The political, economic, and social situation in Sudan has been deteriorating in recent weeks, a product of the divisions and fractures within the transitional government. In the days preceding a coup on Monday, October 25, supporters of the military wing and those defending the civilians in the government even demonstrated in the streets of the country’s main cities. On top of this, there has been a blockade of the Red Sea ports in the country’s east, resulting in shortages of some basic goods.
This is the context for Monday’s coup. The military, led by General Abdel Fattah al-Burhan, arrested Prime Minister Abdalla Hamdok and several other ministers and dissolved the Sovereignty Council of Sudan and the government. The Sovereignty Council was established following popular mobilizations in 2019 against the dictator Omar al-Bashir, with members from the armed forces and “technocrats” from so-called civil society. While there had been friction between these two groups from the beginning, the situation had become much worse in recent months, with a fraction of the civil-society wing even joining with the military in demanding the dissolution of the government.
It should be noted that despite the fall of al-Bashir, forces of the former regime remained active, particularly within the army. Mobilizations in recent days by the pro-civilian wing may have spurred that particular sector of the local ruling classes to action, fearing they could lose significant pieces of their power. As Middle East Eye reported, “Pro-military protesters in eastern Sudan have shut down ports and blockaded roads … affecting the supply and distribution of food, bread, fuel, and other goods to the rest of the country. In response, tens of thousands of people marched last Thursday to oppose the pro-military demonstrations, accusing the army of staging a large-scale disinformation campaign to undermine the civilian leadership.”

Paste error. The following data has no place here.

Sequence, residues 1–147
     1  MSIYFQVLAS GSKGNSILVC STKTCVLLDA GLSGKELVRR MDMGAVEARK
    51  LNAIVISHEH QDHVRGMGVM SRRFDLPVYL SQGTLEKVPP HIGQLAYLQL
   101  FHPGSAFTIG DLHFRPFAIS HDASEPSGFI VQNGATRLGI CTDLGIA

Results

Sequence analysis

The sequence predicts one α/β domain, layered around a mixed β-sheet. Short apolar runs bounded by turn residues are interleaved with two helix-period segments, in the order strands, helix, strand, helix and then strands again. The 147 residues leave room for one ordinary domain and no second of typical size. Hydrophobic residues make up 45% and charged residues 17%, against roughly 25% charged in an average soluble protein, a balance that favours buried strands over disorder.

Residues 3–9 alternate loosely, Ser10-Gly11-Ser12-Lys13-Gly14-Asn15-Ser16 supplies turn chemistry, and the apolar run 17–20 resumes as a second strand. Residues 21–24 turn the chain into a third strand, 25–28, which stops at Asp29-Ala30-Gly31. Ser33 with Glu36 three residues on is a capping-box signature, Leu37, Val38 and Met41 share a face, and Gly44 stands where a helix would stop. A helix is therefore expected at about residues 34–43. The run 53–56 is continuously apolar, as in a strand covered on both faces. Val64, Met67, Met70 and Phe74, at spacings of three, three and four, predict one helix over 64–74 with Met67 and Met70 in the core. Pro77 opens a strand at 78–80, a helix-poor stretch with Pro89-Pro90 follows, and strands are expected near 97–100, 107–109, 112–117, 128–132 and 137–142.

In addition, there have been threats to extradite former president al-Bashir to stand trial at the International Criminal Court, which could also have consequences for other military officials, including those involved in the bloody repression of the 2019 popular mobilizations.
The United States and the main European powers reacted to the coup by demanding the release of the prime Minister and the return of the transitional government. Washington even threatened the country with a suspension of aid.
Some analysts, however, believe the military will not attempt a complete break with the political orientation of the transitional government of which it was a part. Alex de Waal, an expert on Sudan, told Deutsche Welle, “What the military would probably like to do is to move [technocratic prime minister] Hamdok into a position where he stays in office, but where they pull the strings.”
Theodore Murphy, director of the Africa programme at the European Council on Foreign Relations, told Deutsche Welle that “the message that the army wants to convey to the public is that this is not a coup — but rather a correction to Sudan’s transition to democracy … Their focus is on replacing certain civilian politicians who they say were endangering the country and fomenting dissent within the military.”